When a minority community has historically been discouraged and even forbidden from speaking their own language, Bible translation can be a powerful act of healing and restoration.
Such is the case with the unfolding story of the Iñupiaq Bible.
Older members of the Iñupiat community in northern Alaska have spoken their language for their entire lives. But because of their painful history, this indigenous people group has long struggled with shame about their language and culture. Consequently, many younger people have been raised to speak only English.
“Unless there is a major overhaul, Iñupiaq won’t be used as much in 20 years.” — Elsie, an Iñupiat translator
Through Bible translation, Elsie and a handful of other unassuming but faithful elderly women are changing that.
Bringing Generations Together
While many younger Iñupiat have only learned English in school, they’re beginning to understand the value of preserving their language and culture.
Brad, a local project manager who has worked with the translation project, writes:
“As many people my age have experienced, I’ve often felt left out or like something was missing when I couldn’t understand the Iñupiaq language with my family or in the community. For this reason, I felt it important to make an effort and use the language through speaking, reading, and listening to elders.”
After connecting with the elderly Iñupiat women who have spearheaded this translation project, Brad is experiencing not just the earthly value of his culture, but also the eternal rewards of God’s Word.
“You can feel the work of the Holy Spirit when God uses people to do his will, and this project is an example of that. Some of my favorite experiences are when we pray together and feel the joy, comfort, and love during these prayers.”
Healing Wounds from the Past
Like many younger Iñupiat, Willie can read and write Iñupiaq with excellence, but he can’t speak it fluently. Resistance to speaking Iñupiaq was ingrained in him as a child.
“In a very sad way, my parents’ choice to ease my schooling and speak only English to me, and my choice to block all Iñupiaq, prevented us from really speaking to each other.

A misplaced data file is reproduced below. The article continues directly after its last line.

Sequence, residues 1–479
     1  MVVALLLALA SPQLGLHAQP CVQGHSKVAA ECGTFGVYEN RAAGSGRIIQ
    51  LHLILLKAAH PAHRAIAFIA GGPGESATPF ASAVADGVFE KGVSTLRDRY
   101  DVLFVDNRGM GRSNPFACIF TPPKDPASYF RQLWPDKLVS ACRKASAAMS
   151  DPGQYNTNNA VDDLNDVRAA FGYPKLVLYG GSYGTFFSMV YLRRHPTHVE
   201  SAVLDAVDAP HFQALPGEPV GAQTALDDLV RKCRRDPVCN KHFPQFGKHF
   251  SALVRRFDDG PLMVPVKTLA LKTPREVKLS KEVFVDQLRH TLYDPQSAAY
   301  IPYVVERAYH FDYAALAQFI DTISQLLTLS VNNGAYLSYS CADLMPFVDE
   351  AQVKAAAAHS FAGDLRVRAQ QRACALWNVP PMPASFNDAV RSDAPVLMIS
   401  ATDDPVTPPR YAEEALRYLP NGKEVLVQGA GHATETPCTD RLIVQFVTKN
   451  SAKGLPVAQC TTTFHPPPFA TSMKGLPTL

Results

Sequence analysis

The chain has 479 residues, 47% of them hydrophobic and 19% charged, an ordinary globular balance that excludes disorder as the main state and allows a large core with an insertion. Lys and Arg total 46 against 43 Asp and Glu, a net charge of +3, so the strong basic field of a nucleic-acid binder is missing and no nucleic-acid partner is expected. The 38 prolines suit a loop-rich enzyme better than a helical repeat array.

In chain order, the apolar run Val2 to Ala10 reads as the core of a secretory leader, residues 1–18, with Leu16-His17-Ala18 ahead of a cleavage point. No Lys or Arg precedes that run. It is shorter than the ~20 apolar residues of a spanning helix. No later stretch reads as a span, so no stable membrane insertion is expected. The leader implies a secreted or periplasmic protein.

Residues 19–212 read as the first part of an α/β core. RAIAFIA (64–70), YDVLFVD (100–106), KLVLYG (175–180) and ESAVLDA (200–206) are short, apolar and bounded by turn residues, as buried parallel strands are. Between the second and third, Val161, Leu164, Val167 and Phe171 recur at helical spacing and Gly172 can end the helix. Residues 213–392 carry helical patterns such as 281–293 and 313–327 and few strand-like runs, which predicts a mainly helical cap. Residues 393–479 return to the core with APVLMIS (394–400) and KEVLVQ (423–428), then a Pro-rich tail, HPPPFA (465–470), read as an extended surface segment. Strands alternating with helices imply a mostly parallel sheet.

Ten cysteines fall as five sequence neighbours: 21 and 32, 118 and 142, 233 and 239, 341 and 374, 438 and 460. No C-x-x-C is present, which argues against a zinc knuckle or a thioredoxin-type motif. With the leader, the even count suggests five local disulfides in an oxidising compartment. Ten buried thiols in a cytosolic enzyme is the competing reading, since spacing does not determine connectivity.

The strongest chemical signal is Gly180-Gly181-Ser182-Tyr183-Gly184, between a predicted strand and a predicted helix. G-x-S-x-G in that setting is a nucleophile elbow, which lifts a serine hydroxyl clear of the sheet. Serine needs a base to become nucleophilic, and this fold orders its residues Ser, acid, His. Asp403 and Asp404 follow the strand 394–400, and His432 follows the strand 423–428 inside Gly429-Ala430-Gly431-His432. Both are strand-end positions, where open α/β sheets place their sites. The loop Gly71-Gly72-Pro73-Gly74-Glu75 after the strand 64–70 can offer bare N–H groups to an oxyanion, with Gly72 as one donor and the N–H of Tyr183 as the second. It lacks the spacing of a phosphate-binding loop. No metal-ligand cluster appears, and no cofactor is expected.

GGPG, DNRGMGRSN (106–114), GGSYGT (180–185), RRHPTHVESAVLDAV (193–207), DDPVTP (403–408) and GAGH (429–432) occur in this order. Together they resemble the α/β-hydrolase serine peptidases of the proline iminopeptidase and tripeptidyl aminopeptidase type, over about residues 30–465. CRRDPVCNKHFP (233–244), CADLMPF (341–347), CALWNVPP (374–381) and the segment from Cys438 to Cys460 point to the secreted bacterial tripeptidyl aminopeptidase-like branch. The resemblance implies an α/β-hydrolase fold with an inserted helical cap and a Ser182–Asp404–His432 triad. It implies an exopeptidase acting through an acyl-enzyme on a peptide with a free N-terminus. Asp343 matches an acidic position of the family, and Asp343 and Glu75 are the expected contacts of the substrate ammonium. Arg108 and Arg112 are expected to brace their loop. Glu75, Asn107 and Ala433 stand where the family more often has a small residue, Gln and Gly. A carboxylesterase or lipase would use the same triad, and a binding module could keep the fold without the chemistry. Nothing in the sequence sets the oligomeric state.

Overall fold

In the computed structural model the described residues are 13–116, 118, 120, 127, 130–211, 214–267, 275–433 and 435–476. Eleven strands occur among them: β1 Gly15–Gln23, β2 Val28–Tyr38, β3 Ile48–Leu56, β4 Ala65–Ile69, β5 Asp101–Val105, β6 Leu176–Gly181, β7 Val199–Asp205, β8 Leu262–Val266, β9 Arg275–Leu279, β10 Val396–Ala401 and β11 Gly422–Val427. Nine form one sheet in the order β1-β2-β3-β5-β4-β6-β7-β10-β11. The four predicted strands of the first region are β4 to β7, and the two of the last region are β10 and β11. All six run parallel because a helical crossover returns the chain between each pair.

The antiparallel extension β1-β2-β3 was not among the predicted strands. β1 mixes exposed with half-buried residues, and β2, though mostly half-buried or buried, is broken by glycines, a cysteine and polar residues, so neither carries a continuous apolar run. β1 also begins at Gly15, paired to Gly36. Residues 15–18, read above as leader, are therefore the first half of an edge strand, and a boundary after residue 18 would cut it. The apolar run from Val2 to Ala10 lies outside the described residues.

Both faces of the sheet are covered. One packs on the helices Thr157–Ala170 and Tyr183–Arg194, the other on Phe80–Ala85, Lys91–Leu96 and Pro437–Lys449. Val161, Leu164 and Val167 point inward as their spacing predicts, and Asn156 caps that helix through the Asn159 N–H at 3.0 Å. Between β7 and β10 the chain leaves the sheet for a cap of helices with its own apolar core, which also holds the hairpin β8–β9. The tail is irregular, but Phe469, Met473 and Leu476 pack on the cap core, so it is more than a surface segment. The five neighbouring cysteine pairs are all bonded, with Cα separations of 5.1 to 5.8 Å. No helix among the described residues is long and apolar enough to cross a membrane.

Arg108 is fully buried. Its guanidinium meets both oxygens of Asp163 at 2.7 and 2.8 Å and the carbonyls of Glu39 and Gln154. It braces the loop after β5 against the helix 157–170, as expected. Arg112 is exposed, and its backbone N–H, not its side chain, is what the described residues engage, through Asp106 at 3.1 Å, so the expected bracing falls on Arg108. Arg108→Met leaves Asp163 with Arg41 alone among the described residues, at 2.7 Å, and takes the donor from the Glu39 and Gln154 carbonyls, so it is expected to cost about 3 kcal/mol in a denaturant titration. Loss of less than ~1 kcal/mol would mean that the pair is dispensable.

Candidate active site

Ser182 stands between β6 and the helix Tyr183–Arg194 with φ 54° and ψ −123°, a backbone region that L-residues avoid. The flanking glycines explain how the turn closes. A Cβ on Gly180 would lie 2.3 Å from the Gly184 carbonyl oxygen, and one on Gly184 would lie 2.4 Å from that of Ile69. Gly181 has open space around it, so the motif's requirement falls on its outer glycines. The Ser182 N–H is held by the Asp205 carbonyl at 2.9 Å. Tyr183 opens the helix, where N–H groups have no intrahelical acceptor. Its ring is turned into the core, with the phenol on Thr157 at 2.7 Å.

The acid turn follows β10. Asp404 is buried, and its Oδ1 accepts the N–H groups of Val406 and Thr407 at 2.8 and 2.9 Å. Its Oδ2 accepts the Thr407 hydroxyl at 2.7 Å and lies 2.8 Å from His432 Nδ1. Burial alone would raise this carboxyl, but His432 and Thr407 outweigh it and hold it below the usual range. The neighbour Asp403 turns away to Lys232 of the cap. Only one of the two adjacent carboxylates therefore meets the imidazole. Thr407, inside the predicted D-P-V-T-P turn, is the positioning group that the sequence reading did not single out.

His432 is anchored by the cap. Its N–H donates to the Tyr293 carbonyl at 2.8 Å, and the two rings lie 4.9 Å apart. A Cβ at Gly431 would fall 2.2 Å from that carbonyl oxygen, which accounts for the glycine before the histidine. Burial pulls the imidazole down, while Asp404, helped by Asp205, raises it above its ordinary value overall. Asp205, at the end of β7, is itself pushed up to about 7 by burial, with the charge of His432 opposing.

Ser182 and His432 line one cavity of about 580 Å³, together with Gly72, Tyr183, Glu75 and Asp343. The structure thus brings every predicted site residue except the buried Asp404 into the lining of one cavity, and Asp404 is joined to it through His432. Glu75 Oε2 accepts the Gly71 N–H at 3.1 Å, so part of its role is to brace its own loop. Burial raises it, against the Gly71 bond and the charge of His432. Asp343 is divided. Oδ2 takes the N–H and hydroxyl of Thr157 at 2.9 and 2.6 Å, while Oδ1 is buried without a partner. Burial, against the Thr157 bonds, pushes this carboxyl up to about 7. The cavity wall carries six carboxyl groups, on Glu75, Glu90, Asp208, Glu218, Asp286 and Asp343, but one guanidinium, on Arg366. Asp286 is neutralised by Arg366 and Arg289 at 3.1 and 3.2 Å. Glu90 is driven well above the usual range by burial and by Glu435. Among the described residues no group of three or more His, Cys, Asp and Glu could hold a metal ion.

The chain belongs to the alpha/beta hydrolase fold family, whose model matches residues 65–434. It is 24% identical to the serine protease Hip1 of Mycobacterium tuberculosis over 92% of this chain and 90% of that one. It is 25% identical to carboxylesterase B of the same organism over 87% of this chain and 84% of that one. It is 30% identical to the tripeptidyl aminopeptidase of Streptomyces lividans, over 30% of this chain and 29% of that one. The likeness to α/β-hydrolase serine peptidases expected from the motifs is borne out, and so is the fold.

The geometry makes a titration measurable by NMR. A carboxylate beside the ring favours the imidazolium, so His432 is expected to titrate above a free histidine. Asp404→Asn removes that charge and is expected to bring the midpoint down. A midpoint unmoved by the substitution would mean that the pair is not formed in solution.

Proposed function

In a much sadder way, it cut the lines of communication between me and all the elders around me.
In the saddest way of all, though, it cut me off from really talking to all the Iñupiaq-speaking elders who knew Jesus Christ as their personal savior.”
But today, as Willie uses his computer skills and written language expertise to assist the translators, he is gradually learning to speak Iñupiaq. By the grace of God, Willie believes, “a very old and deep wound is finally healing.”
He concludes, “Iñupiaq is the language that God gave us. Satan must no longer succeed in taking it away!”
Building a Brighter Future
Like Brad and Willie, more and more of the younger Iñupiat generation are stepping up to do voice recordings for the translated Scriptures. As they grow in their ability to speak Iñupiaq, they’re excited to help preserve their language for many years to come.
“The Bible translation project has had a monumental impact on the community,” Brad believes. “Our language is part of who we are, and we are proud of it.”
Older Iñupiat hope that, as translated Scripture restores the younger generation’s pride in their cultural identity and heals wounds from the past, it will also take root in their hearts, bringing new life to those who are trapped in patterns of drunkenness and depression.
And by God’s grace, those hopes are beginning to come to fruition.